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  1. #1

    Talking Albert Mountain, NC

    Howdy, all, me again. :-) Having completed the Georgia section last month (along with the first six miles of NC, to Deep Gap), I'm already plotting next year's adventures. It's well-established that I'm a worry-wart on the more cowardly side (which doesn't prevent me from accomplishing anything, but does make me obsessively plan/prepare for everything - LOL! ).

    That said: Talk to me about Albert Mountain. (Please) I know this is going to be the hardest part of the Trail yet, and scares me to way more than the climb out of Bly Gap did (which was difficult but doable).

    How bad is it? is this where the hand-over-hand stuff comes in?

    I'm worried about making sure I'm ready for something like that (and i've got all winter and the beginning of spring to train for it).

    Thanks!
    MamaKat the Slowpoke Section Hiker
    “By the grace of God I am a Christian, by my own actions a great sinner, and by calling a wanderer.”
    -Quote adapted from "The Way of A Pilgrim"

  2. #2

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    It's steep - up if northbound, down if south. I guess it's considered one of the steepest sections of the trail, but it's not long, about 1/3 of a mile. A couple hand over hand spots, as I recall, but it's doable. I'll say this, I would not have wanted to do it southbound/downhill.

  3. #3

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    Quote Originally Posted by WMR View Post
    It's steep - up if northbound, down if south. I guess it's considered one of the steepest sections of the trail, but it's not long, about 1/3 of a mile. A couple hand over hand spots, as I recall, but it's doable. I'll say this, I would not have wanted to do it southbound/downhill.
    1/3 of a mile... OK, that sounds doable. I can survive anything for 1/3 of a mile. I'll definitely be going NOBO (I live in N GA, so I'm working my way up the trail). Hand over hand is super intimidating to me but.. doable. I'll just work on my arm/core/upper body strength between now and May.
    “By the grace of God I am a Christian, by my own actions a great sinner, and by calling a wanderer.”
    -Quote adapted from "The Way of A Pilgrim"

  4. #4

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    Hand over hand is a bit of exaggeration if I remember right (my hike was in 2001). I did have to stow my hiking poles as it was too steep for there use and I had to use my hands to help brace myself. I may have had to use my hands to help pull/push myself up in a couple places. It was no big deal. There are other places further north (e.g. in Maine, climbing Katahdin) that were as bad or worse (but perhaps for a shorter distance).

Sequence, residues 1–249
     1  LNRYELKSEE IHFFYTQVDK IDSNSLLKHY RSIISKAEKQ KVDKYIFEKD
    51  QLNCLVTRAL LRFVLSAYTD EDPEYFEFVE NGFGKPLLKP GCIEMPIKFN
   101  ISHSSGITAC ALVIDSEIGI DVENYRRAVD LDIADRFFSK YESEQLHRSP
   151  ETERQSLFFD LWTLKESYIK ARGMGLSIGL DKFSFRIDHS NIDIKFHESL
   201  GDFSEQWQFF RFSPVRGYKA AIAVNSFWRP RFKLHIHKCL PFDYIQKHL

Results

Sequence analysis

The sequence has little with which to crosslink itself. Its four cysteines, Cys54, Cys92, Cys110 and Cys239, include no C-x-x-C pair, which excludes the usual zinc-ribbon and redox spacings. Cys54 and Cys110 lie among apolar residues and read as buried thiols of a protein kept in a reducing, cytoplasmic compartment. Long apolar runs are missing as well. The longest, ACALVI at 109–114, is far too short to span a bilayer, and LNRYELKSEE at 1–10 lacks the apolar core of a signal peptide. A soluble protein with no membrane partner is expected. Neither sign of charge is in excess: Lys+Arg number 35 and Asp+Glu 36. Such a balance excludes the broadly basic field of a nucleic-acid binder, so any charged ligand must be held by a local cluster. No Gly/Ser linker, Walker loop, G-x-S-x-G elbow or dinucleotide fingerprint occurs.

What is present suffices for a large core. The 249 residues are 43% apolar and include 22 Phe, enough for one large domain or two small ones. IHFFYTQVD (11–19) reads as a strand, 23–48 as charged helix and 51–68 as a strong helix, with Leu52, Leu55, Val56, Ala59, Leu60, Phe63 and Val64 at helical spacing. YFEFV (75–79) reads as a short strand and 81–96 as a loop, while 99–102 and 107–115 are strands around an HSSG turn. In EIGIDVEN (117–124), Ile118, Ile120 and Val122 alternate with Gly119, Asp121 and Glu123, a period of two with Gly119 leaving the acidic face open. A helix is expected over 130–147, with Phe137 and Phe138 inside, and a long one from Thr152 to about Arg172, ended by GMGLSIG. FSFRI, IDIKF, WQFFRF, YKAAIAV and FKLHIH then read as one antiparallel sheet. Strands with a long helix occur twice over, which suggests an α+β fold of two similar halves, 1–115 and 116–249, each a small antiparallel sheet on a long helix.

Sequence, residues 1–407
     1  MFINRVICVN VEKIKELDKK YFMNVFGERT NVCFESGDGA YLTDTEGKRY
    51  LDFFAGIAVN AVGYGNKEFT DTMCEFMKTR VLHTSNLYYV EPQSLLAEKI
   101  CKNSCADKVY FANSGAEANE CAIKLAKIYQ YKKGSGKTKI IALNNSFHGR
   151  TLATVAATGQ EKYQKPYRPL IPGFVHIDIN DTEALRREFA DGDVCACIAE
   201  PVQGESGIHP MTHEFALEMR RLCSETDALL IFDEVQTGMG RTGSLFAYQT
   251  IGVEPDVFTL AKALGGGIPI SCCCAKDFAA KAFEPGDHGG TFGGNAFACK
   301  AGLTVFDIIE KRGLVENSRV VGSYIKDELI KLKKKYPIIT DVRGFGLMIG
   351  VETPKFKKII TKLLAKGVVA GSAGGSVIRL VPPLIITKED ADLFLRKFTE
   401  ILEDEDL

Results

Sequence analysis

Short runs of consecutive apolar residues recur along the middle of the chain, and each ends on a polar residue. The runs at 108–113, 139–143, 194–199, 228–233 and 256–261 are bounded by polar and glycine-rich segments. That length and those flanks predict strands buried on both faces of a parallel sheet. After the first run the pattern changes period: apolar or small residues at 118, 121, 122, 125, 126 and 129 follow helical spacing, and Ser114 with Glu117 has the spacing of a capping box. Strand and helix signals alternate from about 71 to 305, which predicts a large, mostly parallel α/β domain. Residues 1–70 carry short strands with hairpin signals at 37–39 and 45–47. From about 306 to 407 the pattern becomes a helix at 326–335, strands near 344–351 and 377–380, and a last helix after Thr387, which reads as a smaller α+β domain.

5. #5

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    "I did have to stow my hiking poles as it was too steep for there use and I had to use my hands to help brace myself. I may have had to use my hands to help pull/push myself up in a couple places. It was no big deal."

    That's what I meant by hand over hand. A few places in that short but steep climb. And, yes, no big deal.

  6. #6
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    I considered it to be a short preview of some of the New England rocky climbs. I really enjoyed it (but then I like that stuff). And the view from the fire tower up top is well worth it!

  7. #7
    Registered User Slugg's Avatar
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    The 2.8 mi side trip to Pickens Nose just before Albert Mtn is well worth it IMO.

  8. #8
    Registered User Slugg's Avatar
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    Quote Originally Posted by Slugg View Post
    The 2.8 mi side trip to Pickens Nose just before Albert Mtn is well worth it IMO.
    2.8 total. 1.4 one way include some on trail and some on gravel road.

  9. #9

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    1. Hand work is just for balance, it isn’t rock climbing
    2. Yes, would stow your poles that last half mile
    3. Definitely plan on taking a photo break at the top, fire tower views are spectacular

    If you can take the time, you might be surprised at how much easier a two week section is than 5 three day sections. Your trail legs really do develop. Just don’t try to carry two weeks of food. Happy trails.

  10. #10
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    I did the same thing as you--heard and read all of these stories, my shuttle driver even warned me about it. But when I actually got there and started climbing, I kept wondering when the really bad stuff was going to start. Next thing I knew I could see the fire tower up ahead and it was over--not bad at all.

  11. #11
    Registered User LittleRock's Avatar
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    I did the Albert Mtn climb in the middle of a thunderstorm. It wasn't that bad. The "hand over hand" part people are talking about is short, like 0.2 mi. Going up climbs like that isn't as scary as going down.
    It's all good in the woods.

  12. #12